Lately, we’ve all been seeing and hearing more about skincare products with peptides, but what do they actually do for your skin? Well, let us start by telling you it’s a powerful antiaging ingredient you don’t want to miss out on. These tiny fragments of protein have the ability to instruct your skin to repair and rejuvenate itself, encouraging your skin to look and act younger. It can help smooth fine lines and wrinkles while restoring firmness and plumpness back to your skin.
Did we pique your interest? Great! Let’s talk about this.
So, what exactly are peptides?
Peptides are short chains of amino acids which are the building blocks of proteins in your body. Your skin is comprised mainly of collagen, a protein made of long chains of amino acids. Inevitably, over time, collagen breaks down, leading to the appearance of fine lines and wrinkles, a loss of firmness and skin that doesn’t bounce back as it once did. When collagen breaks down, tiny fragments are formed known as peptides. These types of peptides act as little messengers that signal your skin to produce new collagen to repair itself.
There are hundreds of peptides, some are naturally occurring in your body, while others are engineered in laboratories to mimic the function of natural peptides.
Peptides in skin care can boost collagen production.
When we topically apply signal peptides, your skin thinks that they are collagen breakdown products. These signal peptides essentially trick your fibroblasts (collagen and elastin-producing skin cells) to manufacture new collagen to increase the skin’s firmness and elasticity. Very clever right?
Now, signal peptides are just one type of peptide. There are many different types to serve different purposes in your body.
Three main categories of skincare peptides:
When used in skincare, peptides can be categorized into three main categories: signal peptides, carrier peptides, and neurotransmitter peptides.
Signal peptides: act as tiny cell communicators that send messages to your skin cells, instructing them to perform specific functions such as building new collagen and elastin. The purpose of signal peptides is to create a biological response and affect a certain outcome in the skin.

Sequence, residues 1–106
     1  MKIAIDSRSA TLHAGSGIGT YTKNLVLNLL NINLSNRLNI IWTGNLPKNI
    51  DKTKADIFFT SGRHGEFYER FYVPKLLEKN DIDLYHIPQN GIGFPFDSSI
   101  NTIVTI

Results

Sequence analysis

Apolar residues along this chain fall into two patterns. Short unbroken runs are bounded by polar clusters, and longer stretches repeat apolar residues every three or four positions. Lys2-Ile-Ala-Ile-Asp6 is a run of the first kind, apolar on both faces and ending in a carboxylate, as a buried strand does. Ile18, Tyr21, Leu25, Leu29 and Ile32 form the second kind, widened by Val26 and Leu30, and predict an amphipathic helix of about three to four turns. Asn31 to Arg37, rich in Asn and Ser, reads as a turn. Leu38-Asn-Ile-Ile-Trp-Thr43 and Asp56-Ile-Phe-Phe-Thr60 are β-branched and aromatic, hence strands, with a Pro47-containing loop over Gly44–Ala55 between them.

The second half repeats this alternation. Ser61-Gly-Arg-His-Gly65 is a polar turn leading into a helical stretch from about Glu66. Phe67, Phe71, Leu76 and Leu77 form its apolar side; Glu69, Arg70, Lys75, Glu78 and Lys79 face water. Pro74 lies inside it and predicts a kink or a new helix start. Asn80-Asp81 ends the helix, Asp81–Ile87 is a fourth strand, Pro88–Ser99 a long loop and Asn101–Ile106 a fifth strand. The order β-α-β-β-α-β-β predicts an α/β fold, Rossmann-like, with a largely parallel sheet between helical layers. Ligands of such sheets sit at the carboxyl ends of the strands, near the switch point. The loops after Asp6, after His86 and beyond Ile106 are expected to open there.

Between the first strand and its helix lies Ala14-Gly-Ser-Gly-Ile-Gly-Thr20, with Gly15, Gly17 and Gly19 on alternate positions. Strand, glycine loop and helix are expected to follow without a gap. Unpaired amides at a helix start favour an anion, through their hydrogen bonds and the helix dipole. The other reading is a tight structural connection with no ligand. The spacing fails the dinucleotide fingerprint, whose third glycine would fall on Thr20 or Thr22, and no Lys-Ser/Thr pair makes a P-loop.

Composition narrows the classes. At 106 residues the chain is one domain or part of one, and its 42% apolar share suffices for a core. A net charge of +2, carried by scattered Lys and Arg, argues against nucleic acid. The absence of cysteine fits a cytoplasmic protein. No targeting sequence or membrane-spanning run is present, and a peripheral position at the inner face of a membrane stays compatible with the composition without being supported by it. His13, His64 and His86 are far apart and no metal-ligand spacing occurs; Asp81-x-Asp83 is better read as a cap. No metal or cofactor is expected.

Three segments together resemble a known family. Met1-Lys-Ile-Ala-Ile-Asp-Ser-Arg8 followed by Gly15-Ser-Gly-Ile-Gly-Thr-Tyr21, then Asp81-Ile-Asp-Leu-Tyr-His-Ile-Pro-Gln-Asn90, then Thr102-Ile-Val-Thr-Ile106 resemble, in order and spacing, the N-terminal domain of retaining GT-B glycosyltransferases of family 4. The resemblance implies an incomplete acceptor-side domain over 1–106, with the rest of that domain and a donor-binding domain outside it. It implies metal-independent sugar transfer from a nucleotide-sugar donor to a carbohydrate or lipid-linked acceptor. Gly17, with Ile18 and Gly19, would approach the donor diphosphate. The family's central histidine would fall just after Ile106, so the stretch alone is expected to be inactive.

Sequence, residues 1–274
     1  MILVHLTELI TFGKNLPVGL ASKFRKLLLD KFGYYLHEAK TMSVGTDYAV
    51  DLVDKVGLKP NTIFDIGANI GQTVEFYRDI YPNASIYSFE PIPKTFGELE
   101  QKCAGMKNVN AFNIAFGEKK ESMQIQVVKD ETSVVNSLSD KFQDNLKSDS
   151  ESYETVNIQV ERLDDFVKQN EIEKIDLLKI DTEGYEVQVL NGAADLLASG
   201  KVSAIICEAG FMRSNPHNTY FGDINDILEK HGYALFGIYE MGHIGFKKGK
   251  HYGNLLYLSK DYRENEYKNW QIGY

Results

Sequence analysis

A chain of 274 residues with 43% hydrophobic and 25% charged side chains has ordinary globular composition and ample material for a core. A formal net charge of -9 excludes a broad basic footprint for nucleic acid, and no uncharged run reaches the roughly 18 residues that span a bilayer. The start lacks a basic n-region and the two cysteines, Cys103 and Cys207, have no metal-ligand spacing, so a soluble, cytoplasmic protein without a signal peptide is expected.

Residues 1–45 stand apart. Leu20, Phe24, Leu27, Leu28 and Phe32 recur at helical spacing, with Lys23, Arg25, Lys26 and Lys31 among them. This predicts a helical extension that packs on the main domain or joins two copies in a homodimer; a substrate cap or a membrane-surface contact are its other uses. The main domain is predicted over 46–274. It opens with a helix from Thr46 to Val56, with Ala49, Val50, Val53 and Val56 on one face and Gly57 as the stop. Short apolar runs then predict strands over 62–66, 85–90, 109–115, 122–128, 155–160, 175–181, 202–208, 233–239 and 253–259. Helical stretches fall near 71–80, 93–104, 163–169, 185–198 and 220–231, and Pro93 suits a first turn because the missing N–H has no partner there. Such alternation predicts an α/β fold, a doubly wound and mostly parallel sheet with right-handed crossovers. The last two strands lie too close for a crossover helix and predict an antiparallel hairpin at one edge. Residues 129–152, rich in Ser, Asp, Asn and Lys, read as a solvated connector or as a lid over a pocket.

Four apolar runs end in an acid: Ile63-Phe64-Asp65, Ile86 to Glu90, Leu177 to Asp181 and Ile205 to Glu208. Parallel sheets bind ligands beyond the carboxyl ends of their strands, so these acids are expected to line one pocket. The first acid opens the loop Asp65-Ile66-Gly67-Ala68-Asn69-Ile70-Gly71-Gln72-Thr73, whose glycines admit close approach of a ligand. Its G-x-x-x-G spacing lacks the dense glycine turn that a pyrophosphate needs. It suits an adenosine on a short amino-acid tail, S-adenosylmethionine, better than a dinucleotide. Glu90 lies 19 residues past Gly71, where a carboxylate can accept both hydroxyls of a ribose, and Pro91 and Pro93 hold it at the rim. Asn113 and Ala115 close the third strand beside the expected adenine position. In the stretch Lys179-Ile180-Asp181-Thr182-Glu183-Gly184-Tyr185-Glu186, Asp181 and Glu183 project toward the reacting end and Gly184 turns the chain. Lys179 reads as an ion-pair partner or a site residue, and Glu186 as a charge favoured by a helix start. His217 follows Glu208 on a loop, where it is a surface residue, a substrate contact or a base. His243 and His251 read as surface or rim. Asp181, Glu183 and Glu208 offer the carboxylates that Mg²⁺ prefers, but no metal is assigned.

Carrier peptides: are facilitators designed to deliver trace elements such as copper and magnesium (think copper peptides) to where they need to go to assist with wound repair and enzymatic processes. These trace minerals have been proven to improve collagen production, and therefore the skin’s appearance and resilience.
Neurotransmitter inhibitor peptides: work by inhibiting acetylcholine release by a variety of chemical interactions. By blocking the nerve signals that activate muscular contractions, it relaxes the facial muscles that lead to expression wrinkles. You can think of this as topical Botox.
Peptides can address many skin concerns.
There are many benefits of adding peptides to your skincare such as:
– Helping improve your skin barrier and hydration
– Aiding in a reversal of aging processes
– Providing stimulation of natural growth factors in your skin
– Boosting collagen and skin elasticity
– Reducing the look of undereye bags and puffiness
– May help provide a botox-like effect on the skin by ‘freezing’ the muscle under the skin
– Aiding in healing wounds
Typically, you can find peptides as a key ingredient in a lot of anti-aging products including Cleansers, Moisturisers, Serums and Eye Creams. While there are many different options, the best way to include peptides as a part of your daily skincare routine is to choose based on your specific skin concerns. For example, if you are looking to help reduce the appearance of fine lines and puffiness around your eyes, we would recommend going for an eye cream with peptides as the main ingredient.
Here at GMA, we decided to put together some of our favorites go to antiaging products that contain peptides:
If you would like to speak with one of our #GMASkinexperts to see how we can help you with your skincare regimen that works best for your unique skin, don’t hesitate to contact us for a complementary consultation.